School Lunch Brings Controversy

Despite the fact that it is a practice that’s been going on for the last 6 years, there was an uproar in mid-April when a news story broke about a public Chicago school that requires students to buy their lunches in the cafeteria.

The principal claims the rule is to keep students from making unhealthy choices and parents from packing unhealthy lunches. Unless there are health restrictions, parents must send $2.25 for their children to buy the school lunch.

Superman Lunch Boxes

I have to assume that these school lunches must be better than what they were serving when I was in elementary school: your general rotation of square pizzas, chicken patties, and tasteless hamburgers.

Is keeping the students "safe" from sugary sodas and bags of chips reason enough to mandate a parent can’t send food from home? People have such a wide range of what they consider healthy.

It’s still the same controversy that’s been spinning for years: should the government be able to outlaw trans fats, high fructose corn syrup, genetically modified organisms? Or should people be responsible for their own nutrition?

Where do you stand on this? We’d love to hear your (respectful) thoughts in the comments.

Photo used with permission of Flickr Creative Commons. Click on photo for source.

Fit & Trim Kids

In this month’s issue of ParentLife, Evelyn Hanes gave some very helpful guidelines for healthy weight loss in our "A Healthy Life" department. But what about the kids? What should children do to maintain a healthy weight? Check out the following guidelines for kids from the American Academy of Pediatrics (AAP).

  • July_12_eating.jpgEat five fruits and vegetables each day.
  • Participate in one hour of physical exercise each day.
  • Limit screen time to less than two hours each day.
  • Limit sugar sweetened drinks.
  • Eat breakfast every day.
  • Choose low-fat dairy products (ages 2 and up).
  • Eat meals together as a family.
  • Limit fast food, take out, and eating out.
  • Prepare foods at home as a family.
  • Eat a diet rich in calcium and fiber.

Following these guidelines for your child will help him grow healthy and strong … and they are good guildelines for the whole family!

What healthy habits does your family have that might help other families who want to lead a healthier lifestyle? Share your ideas with us by leaving a comment!

Homemade vs. Store-bought Baby Food

In the April 2010 issue of ParentLife, dietitian Beth Bence Reinke explores the pros and cons of homemade baby food and store-bought baby food. Maybe you have decided to make your own baby food, but what foods work best?

The American Academy of Pediatrics (AAP) recommends starting iron-fortified rice cereal when your baby is 4 to 6 months old. Then add one new food every 2 to 3 days.


For ages 6 to 7 months, these starter foods work well for making easy-to-digest, pureed, homemade baby food:

  • Mashed banana (no need to cook)
  • Cooked fruits: pears, apples, peaches, apricots, plums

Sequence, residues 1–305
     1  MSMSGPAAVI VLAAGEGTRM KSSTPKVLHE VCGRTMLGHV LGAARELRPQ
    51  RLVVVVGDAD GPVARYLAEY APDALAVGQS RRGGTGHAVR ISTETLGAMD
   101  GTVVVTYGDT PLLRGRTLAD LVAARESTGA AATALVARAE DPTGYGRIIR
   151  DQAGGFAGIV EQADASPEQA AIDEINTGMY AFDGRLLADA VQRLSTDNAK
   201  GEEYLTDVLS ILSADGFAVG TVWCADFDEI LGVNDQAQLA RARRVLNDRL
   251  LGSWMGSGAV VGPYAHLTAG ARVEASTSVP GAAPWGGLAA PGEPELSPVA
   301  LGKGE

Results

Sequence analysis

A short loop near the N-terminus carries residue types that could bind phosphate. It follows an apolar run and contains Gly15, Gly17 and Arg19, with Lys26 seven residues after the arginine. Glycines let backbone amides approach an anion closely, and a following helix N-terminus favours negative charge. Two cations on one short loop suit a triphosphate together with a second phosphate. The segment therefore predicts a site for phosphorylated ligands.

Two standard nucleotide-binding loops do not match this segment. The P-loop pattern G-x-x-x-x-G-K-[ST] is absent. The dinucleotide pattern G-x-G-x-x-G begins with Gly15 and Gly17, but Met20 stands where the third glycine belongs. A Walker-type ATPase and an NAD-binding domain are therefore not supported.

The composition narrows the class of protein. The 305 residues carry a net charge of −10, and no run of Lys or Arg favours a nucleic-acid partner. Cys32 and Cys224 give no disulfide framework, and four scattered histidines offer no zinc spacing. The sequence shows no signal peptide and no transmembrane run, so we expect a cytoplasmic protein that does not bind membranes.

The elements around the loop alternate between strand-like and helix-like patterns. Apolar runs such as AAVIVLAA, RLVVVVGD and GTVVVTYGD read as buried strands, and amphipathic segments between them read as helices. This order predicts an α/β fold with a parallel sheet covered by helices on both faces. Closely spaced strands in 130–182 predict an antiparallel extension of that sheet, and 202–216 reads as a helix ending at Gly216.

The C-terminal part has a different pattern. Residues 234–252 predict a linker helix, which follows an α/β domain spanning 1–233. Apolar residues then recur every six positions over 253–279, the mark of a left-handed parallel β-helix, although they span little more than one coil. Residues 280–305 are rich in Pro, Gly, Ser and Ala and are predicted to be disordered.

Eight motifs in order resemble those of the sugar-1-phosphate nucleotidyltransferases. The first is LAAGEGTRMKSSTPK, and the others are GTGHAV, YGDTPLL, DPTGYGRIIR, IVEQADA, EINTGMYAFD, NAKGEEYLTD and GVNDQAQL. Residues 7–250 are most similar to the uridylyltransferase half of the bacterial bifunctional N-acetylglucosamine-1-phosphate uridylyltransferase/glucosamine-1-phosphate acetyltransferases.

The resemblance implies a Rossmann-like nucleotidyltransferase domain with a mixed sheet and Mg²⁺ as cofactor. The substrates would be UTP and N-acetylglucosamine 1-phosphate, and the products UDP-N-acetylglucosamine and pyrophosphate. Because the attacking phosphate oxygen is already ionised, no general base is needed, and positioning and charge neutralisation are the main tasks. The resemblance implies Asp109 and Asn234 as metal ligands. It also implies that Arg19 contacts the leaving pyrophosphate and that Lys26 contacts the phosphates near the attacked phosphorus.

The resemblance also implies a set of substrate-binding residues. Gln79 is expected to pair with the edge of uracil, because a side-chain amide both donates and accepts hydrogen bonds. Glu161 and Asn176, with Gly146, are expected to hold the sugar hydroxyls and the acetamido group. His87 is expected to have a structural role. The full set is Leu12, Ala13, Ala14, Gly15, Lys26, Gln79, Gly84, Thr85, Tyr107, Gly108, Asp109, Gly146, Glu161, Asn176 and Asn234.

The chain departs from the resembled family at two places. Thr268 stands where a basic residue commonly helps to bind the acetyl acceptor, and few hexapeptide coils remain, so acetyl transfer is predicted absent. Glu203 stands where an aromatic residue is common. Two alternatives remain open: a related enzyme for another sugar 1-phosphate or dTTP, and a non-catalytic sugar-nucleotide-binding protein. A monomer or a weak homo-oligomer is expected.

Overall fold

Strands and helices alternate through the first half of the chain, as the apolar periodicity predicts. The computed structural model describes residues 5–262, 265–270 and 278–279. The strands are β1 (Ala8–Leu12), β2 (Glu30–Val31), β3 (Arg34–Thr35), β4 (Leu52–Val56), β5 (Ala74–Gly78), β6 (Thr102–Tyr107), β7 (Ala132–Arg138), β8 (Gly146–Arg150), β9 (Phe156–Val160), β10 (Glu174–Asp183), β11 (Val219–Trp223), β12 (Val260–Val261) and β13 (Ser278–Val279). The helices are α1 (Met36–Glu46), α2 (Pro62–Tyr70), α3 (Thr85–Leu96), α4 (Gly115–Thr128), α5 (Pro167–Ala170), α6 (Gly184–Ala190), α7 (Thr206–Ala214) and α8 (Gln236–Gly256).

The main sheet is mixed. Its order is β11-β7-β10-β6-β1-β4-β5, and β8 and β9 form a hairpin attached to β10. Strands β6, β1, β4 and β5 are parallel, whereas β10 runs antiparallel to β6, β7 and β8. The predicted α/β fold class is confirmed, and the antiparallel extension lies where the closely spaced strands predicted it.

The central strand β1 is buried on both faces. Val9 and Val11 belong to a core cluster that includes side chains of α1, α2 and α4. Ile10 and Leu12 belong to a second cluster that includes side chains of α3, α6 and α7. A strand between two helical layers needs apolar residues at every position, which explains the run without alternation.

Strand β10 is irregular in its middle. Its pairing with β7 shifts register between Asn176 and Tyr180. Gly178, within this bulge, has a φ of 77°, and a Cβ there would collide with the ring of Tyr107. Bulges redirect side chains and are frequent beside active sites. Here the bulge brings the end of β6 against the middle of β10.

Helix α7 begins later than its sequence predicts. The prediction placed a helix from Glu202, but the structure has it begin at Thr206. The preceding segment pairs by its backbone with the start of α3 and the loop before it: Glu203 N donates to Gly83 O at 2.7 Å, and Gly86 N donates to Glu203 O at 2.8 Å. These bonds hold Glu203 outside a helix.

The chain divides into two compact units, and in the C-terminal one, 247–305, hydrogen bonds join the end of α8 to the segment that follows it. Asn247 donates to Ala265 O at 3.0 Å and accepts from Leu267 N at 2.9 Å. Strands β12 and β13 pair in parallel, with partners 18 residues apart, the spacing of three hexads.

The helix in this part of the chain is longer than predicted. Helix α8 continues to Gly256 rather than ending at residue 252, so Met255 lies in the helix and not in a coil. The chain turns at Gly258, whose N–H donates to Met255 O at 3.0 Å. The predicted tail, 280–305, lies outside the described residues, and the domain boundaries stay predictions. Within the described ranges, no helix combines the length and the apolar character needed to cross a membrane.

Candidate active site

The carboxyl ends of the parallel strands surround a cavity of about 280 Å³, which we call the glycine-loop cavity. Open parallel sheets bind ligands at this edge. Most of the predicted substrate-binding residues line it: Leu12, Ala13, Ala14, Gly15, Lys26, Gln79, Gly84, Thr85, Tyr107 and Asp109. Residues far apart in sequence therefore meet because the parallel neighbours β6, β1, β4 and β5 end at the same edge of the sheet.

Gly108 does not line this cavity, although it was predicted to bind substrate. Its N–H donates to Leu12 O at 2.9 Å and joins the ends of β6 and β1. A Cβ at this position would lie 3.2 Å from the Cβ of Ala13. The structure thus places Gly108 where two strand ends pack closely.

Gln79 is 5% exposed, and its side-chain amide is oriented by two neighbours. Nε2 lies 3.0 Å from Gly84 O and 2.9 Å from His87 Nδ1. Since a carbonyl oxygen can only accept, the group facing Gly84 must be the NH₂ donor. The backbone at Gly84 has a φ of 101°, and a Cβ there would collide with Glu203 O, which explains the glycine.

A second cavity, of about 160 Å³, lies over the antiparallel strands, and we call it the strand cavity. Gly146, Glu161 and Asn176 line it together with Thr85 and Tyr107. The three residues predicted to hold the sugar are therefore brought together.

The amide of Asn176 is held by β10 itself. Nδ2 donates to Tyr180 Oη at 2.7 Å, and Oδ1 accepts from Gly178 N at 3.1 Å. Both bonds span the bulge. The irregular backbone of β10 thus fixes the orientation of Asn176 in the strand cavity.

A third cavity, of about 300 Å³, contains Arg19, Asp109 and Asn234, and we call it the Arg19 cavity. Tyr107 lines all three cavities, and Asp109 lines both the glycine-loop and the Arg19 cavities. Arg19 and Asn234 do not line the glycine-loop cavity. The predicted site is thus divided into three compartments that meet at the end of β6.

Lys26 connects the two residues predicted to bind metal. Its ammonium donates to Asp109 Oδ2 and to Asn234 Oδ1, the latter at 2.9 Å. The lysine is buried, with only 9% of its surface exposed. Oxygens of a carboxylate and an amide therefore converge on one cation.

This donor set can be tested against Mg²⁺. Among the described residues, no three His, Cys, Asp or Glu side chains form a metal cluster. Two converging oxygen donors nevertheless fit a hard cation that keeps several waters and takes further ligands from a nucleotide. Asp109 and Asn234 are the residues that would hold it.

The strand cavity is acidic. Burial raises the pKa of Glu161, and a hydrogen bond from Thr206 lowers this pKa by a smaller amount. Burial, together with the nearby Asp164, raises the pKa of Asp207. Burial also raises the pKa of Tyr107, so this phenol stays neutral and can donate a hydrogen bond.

• Cooked vegetables: potatoes, sweet potatoes, peas, butternut squash, green beans
  • Cooked meats: turkey, chicken, lamb, beef (no processed meats)

For ages 8 to 12 months consider adding the following foods.

  • Cooked, puréed vegetables: broccoli florets, cauliflower, summer squash
  • Cooked, puréed legumes like split peas and lentils
  • O-shaped oat cereal, teething biscuits
  • Cheese and yogurt
  • Mashed, cooked egg yolk (not whites, which can be allergenic)
  • Chopped table foods like meats, cooked vegetables, fruits and pasta as your baby shows readiness for coarse textures

Wait until your baby is 12 months old to add whole cow’s milk and egg whites. Always follow the advice of your pediatrician for adding new foods to your baby’s diet, especially if allergies run in your family.

Which baby food do you prefer — store-bought or homemade? We’d love to hear your thoughts and opinions.

Leading by Example

Tomorrow, my son, Jack, will be 11 months old! It is so hard for me to believe that only 11 months ago his sole source of nutrition came from a bottle and now he’s eating food off of my plate. We’ve just recently moved from feeding Jack only baby food to letting him have "real" table food, which to be honest, has complicated our mealtimes. Up until now, my husband and I didn’t have to think as much about what we were eating for dinner. But suddenly, I’m seeing every meal we eat in a whole new light.


In fact, just yesterday, we went grocery shopping. One of the staple items that we keep on hand is a bag of frozen chicken, whether it is breaded chicken breasts, chicken nuggets, or chicken patties. On busy days, it is so easy to make chicken and rice or chicken and mac and cheese. But yesterday as I was picking the bag of chicken patties off the shelf, I thought Do I really want to feed Jack frozen, processed chicken? I promptly put the bag back on the shelf.

Suddenly, I find myself wanting to make more healthy food choices … choices I should have been making all along, but now there is a new urgency. I want to set an example of healthy eating (and a healthy overall lifestyle) for Jack so that he will grow up to be healthy, happy, and strong.

The same can be said for every aspect of life. Am I making healthy choices about what I watch on TV? Am I choosing to spend my time wisely? Am I a good steward of our finances? Utlimately, the most important question is Am I leading by example? LIttle eyes are watching everything I do, even right now before he completely understands. Now is the time to start setting the example.

I must say … I have a lot of work to do. I know I won’t ever be perfect, but my prayer is that I can model a healthy Christian life for my son … a life that I would be proud for him to imitate!

Do you struggle with setting the example? What are your biggest struggles?